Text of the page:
Sunday, April 11, 2010

Samuel's birth/CF story

Late last year I started to tell Samuel's story. It was the first time I had attempted to record the story and I think I had a tougher time with it than I expected. You can play catch up here.

So picking up where we left off: It was a Monday. I was 2 days past my due date and I was so done being pregnant. Early that morning I was having some contractions but nothing crazy. Monday evening I told Kevin to pick up some pasta and sauce on his way home. I added some extra basil and oregano to the sauce since I had nothing to lose. I'm not sure if it was completely the herbs, but something worked and with a few hours I was having regular contractions. We went to the hospital at 11 PM. Lots of walking, waiting, seeing spaghetti again. No need to give a run down of the time in the hospital. Just some highlights:
  • water broke at 4 am
  • epidural requested at 4:35 am (thanks to the nurse who said "Your contractions will be a lot worse now that your water broke." I shouldn't have listened to you.)
  • pushed for 20 minutes
Thankfully, at 1:30 on Tuesday afternoon, my dear son, Samuel entered the world. He weighed in at 7 pounds, 3 ounces and was 21 inches long. He was pink and screaming and "perfect in every way". We stayed in the hospital for 48 hours and were so ready to leave on November 1. I remember being so happy to get home but thought "Now what?"

The next week is a blur of sleepless nights, spontaneous and unexplained crying (by me and Samuel) and learning to nurse. My parents were able to come visit and help with taking care of me and our house. Kevin was scheduled to travel to his company's home office on the 12th, just after my parents were scheduled to leave. I was secretly very worried about being left by myself with Samuel and nobody else to help.

Just some background: In the state of Arizona, newborn screening became mandatory on November 1, 2007, the day we left the hospital. When Samuel was about a week and a half old, it was a Friday afternoon, our phone rang. It was his pediatrician calling to tell us Samuel was a carrier of cystic fibrosis. OK. Great. Thanks for the information. Have a nice weekend. I really didn't think too much else of it.

Over the weekend I had convinced my mom to stay with me a few days longer (I'm sure it wasn't that difficult). On Monday, after Kevin had left for his trip and my dad went back home, the phone calls started. The CF clinic wanted Samuel to come in for a sweat test. As a new mom, I really didn't think anything was wrong with Samuel so I blew off the request to bring him in. I just thought it was something I would deal with when Kevin got back in town. On Tuesday, they called twice and had the pediatrician's office call me. I knew something was up when the nurse said I needed to call them "right now". I called. They asked if I could bring Samuel in for a test right then. That was a Tuesday afternoon. My mom was scheduled to leave the next day. I was NOT mentally ready for more testing on my son.

We packed up the baby and took him to Phoenix Children's Hospital (PCH) for his sweat test. My mom had spent some time looking up cystic fibrosis online. Somewhere in there I called Kevin and told him he had to come home. I didn't think anything was wrong but I knew I didn't want to go through all of this by myself. Looking back, I should have seen the red flags waiving everywhere that day. We didn't wait in the waiting room and the nurse conducting the test repeatedly mentioned she was staying late but wouldn't say why. On the phone with a colleague, she said she was asked to stay to accommodate our test but wouldn't say much else. I was told we already had an appointment with the pulmonologist the following day so we had to get the sweat test done that day.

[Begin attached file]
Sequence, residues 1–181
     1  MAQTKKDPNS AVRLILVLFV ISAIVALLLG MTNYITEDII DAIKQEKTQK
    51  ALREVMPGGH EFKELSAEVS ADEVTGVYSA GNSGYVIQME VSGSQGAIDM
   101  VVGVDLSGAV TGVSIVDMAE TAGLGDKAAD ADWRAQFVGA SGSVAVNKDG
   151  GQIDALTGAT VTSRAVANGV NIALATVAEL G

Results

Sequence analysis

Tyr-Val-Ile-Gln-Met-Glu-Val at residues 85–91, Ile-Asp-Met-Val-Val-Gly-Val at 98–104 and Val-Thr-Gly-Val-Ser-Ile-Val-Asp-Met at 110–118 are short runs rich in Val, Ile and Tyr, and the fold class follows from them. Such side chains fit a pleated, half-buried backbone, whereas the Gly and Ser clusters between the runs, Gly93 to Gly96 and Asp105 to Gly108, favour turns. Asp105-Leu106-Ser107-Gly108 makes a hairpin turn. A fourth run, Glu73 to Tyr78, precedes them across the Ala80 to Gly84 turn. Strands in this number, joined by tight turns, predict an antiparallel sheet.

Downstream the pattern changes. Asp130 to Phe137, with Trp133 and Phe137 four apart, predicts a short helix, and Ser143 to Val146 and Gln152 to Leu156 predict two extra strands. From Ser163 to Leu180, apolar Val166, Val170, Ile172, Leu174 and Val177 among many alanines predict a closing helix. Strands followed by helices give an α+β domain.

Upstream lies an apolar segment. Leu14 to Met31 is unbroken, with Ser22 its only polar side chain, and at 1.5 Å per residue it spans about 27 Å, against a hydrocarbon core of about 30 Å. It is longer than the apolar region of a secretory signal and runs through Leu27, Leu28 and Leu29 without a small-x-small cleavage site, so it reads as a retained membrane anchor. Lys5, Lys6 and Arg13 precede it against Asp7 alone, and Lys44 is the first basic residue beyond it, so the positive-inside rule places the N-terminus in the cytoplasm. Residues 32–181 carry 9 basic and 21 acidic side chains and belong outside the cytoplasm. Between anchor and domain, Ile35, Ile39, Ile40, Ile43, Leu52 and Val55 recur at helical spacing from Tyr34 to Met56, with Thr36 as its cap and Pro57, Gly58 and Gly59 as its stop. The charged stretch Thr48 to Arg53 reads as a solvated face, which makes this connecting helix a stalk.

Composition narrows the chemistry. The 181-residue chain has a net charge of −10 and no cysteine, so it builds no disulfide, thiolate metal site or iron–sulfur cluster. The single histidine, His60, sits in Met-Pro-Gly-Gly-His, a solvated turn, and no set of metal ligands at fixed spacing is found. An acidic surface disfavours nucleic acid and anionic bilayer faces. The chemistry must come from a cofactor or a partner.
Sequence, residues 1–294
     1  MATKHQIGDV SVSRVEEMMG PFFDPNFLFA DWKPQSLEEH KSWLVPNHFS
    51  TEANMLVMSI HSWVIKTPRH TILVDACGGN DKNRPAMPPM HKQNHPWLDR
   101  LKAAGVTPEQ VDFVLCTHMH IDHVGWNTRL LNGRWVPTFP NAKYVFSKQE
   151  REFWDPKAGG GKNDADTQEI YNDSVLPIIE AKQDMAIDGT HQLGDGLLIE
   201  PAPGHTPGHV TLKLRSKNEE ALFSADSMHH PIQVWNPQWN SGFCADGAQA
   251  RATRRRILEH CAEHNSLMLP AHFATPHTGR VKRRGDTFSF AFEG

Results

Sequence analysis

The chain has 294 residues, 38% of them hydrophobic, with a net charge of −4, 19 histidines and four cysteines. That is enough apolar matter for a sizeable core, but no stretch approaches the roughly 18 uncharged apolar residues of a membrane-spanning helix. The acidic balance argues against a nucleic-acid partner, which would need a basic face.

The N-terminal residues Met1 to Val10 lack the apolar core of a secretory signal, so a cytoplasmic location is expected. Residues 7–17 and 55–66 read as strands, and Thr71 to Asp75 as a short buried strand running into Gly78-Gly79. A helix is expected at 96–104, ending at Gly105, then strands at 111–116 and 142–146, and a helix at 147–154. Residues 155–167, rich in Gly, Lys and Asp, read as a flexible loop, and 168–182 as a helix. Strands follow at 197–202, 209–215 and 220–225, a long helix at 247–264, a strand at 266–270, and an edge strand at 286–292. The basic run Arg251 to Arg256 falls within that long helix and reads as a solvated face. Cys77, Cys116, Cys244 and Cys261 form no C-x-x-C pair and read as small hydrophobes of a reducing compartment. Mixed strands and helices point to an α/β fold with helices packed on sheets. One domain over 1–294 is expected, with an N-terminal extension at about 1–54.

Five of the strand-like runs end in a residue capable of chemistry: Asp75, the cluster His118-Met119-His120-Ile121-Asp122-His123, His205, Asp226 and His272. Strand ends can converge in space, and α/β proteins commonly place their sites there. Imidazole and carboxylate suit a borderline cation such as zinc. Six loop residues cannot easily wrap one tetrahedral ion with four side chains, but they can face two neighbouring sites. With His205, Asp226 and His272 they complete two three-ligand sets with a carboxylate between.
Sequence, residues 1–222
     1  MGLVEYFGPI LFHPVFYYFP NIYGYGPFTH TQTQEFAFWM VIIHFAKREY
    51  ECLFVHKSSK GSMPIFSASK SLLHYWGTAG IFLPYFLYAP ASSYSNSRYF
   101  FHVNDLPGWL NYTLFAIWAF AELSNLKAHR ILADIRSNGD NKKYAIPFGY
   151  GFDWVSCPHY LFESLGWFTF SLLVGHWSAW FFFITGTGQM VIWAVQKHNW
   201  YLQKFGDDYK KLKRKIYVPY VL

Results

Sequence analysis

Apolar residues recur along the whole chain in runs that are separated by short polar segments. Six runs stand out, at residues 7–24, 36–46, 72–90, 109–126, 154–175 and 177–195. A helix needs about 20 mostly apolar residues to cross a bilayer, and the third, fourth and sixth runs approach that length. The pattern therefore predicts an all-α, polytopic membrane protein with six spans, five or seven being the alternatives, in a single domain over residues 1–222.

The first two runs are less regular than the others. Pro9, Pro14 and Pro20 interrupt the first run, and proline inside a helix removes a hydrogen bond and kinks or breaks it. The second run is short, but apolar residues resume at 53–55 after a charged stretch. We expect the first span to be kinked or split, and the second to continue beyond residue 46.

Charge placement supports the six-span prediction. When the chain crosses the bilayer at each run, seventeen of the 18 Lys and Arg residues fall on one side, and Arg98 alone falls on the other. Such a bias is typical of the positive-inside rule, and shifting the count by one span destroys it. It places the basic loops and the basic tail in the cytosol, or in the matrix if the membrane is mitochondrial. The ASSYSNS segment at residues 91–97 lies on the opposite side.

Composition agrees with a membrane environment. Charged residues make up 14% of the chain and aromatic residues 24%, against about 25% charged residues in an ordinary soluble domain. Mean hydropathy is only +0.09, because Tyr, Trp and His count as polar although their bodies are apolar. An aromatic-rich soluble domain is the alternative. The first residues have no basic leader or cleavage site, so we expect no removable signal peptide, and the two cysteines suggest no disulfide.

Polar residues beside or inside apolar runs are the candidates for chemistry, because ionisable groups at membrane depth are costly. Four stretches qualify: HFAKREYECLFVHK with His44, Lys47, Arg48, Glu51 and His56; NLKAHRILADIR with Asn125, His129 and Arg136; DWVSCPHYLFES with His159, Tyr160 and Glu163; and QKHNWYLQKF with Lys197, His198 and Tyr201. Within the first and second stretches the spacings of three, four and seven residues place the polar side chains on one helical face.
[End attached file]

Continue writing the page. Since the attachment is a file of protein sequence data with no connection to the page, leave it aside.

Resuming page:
On Wednesday morning, I took my mom to the airport, stopped by the office to show the baby off to my co-workers, then picked up Kevin from the airport. We went to PCH for our first appointment with the doctor. Again, red flags waiving in my face and I ignored them.
  • We didn't stay in the waiting area with the other patients. They took us to wait in an office/storage room.
  • Samuel had lost weight after birth and hadn't gained it back. He weighed in that day at less than 7 pounds. His weight at birth was 7 lbs, 3 oz.
  • It seemed like more than the average amount of nurses helping us. Even the nurse who conducted the sweat test stopped by during the vitals process. There was one in particular who kept saying things like "You'll have to strip him down naked every time you bring him in until he's 2." While being polite, I remember thinking "This lady is crazy. I'm not ever coming back here again because nothing is wrong."
It was that day we were told the news that Samuel did, indeed, have cystic fibrosis and our lives would change forever. That day we covered genetics (how it happened), what it meant for our son, for our family, and what we should start doing right away. Really, it was a blur and there are lots of things I don't remember, lots of things I would have changed, and lots of things I'd rather forget from time to time.

That evening we got home and started over again with the question "Now what?" It was just the beginning.

1 comment:

  1. It is so good to have these feelings documented. Interestingly, this story sounds quite familiar. By the way, I totally overdosed on Oregano (or pregano as I call it) when I went past my due date.


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